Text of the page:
Effect of failed marriage on conditional US resident
Obtaining an immigrant visa based on marriage to a US citizen may be the quickest way to immigrate but it may not be the easiest way to maintain such status.
There are serious consequences for marriage fraud including permanent bar from receiving future immigration benefits.
What happens to an immigrant spouse in case of a failed marriage? Considering the two-year “conditional” resident status, will the immigrant spouse be forced to live with the US citizen spouse for that period of time to avoid falling out of status?
A reader sent us this e-mail:
“I currently reside in Alaska and I was able to get my green card through my husband’s petition. I was married in October 2012 and immigrated to the US in May 2014.
The immigration service issued a ‘conditional’ status and my green card will be expiring in 2016. My husband and I do not get along and we always have arguments.
I am no longer happy in my marriage and I feel that we will be divorced soon. My closest friend advised me that I need to stay in the marriage until my conditional status is removed.
I am not sure if I can hang on for that long. I feel so miserable especially since my husband petitioned my own daughter.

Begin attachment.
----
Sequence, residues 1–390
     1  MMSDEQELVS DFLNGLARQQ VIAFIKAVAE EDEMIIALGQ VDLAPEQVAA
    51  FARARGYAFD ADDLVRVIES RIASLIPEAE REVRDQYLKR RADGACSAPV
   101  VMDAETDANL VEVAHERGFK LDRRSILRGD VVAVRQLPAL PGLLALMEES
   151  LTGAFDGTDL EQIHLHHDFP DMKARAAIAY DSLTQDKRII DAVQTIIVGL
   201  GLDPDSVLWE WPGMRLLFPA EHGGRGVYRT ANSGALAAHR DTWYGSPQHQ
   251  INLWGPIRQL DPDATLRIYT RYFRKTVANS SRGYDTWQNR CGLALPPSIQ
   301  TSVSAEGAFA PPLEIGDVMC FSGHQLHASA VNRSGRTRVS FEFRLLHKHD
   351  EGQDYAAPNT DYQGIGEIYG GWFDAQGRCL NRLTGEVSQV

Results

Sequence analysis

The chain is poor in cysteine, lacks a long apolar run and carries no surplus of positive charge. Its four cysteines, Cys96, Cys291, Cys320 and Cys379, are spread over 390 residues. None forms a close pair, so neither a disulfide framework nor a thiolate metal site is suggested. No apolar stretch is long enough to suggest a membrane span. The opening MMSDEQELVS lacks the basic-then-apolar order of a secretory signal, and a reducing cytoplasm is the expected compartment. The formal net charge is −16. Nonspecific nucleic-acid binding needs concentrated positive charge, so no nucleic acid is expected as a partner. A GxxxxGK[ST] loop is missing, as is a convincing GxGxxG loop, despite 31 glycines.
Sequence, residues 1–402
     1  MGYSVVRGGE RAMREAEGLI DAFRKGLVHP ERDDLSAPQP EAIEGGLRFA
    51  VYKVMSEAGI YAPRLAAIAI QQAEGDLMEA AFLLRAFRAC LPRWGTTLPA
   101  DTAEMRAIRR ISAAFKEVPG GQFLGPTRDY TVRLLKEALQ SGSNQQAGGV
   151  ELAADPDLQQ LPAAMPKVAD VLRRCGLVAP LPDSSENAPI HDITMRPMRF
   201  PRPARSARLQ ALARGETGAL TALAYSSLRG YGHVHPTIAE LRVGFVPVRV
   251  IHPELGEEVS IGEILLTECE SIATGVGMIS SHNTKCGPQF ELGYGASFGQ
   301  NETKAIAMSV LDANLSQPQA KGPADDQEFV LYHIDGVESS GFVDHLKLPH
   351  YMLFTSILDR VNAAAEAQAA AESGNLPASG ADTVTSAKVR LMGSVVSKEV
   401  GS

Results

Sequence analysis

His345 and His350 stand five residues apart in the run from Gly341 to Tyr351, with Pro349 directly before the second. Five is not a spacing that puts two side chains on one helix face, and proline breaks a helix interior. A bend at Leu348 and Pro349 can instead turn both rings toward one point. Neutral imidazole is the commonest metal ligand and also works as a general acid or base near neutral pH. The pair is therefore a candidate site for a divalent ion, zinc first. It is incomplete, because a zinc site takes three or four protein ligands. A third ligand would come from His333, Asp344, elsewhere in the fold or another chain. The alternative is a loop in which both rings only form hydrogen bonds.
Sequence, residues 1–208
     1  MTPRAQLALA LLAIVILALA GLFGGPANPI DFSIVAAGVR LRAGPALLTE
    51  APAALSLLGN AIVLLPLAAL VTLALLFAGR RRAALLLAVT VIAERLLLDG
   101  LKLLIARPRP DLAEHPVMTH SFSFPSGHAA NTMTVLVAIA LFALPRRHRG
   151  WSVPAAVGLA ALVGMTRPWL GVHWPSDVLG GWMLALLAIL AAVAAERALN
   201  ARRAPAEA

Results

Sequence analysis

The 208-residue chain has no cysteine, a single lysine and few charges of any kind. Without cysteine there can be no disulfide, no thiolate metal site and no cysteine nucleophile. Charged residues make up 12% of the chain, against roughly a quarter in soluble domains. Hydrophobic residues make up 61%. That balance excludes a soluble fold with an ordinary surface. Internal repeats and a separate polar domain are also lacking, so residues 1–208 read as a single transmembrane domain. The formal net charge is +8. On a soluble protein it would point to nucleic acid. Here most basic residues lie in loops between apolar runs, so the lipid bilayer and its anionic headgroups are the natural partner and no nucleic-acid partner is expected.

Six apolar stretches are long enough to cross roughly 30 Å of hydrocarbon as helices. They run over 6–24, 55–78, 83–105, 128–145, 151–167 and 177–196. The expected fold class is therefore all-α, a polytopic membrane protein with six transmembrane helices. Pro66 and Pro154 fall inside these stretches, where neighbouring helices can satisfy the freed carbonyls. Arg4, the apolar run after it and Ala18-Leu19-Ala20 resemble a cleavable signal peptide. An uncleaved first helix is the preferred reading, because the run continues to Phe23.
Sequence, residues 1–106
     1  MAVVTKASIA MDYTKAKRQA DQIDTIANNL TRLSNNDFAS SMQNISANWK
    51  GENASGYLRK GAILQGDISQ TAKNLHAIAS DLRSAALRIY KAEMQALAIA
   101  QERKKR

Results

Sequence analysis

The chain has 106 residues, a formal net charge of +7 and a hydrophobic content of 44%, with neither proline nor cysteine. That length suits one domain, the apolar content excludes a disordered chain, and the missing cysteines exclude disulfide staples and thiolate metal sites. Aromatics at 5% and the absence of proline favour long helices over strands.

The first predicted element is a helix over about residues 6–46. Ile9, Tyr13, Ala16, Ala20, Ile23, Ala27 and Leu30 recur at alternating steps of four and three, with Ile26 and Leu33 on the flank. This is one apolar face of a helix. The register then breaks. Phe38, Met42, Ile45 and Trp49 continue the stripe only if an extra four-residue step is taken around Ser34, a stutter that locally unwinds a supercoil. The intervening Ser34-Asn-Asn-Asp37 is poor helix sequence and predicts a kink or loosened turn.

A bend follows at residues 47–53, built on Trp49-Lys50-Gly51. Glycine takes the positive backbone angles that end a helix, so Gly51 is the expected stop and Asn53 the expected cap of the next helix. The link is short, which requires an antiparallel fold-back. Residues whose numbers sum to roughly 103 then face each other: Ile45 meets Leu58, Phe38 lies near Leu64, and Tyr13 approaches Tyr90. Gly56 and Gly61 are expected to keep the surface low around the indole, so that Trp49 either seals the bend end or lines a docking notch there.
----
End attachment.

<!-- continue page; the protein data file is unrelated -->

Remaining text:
Is there anything else we can do or should we just return to the Philippines and continue with our lives without him?”
Marriages of less than 2 yrs
Those who obtained their green cards through marriages of less than two years are issued conditional resident status for two years.
Before the two years end, the conditions must be removed by showing proof that the marriage was entered into in good faith.
This provision of the Immigration and Nationality Act was enacted to discourage marriage fraud.
If there is no proof of a good faith marriage or if the spouses have separated or are divorced and no waiver has been submitted, the conditional resident status will terminate and the petitioned spouse will be placed in removal/deportation proceedings.
Failed marriages vs fraudulent marriages
While the law was intended to prevent fraudulent marriages, it also covers situations where the couple’s relationship is no longer viable.
In cases of failed marriages or valid marriages from inception, the immigrant spouse may file for a “waiver” of the joint filing of the petition to remove conditions.
If a good faith marriage is established from inception, despite the subsequent separation of the couple, the conditions on the immigrant status may still be removed.
A divorce decree is a necessary requirement when an immigrant spouse alleges good faith marriage as basis for the waiver. Either party to the marriage may file the divorce.
Contrary to the erroneous advice given to the letter writer by his friend, she may now live separately from her spouse and file for divorce.
There is no compulsion to live with a US citizen spouse in cases of failed marriages specially where the other party is an abusive spouse.
(The author may be reached at email@example.com, facebook.com
/tancincolaw, www.tancinco.com or  721-1963)
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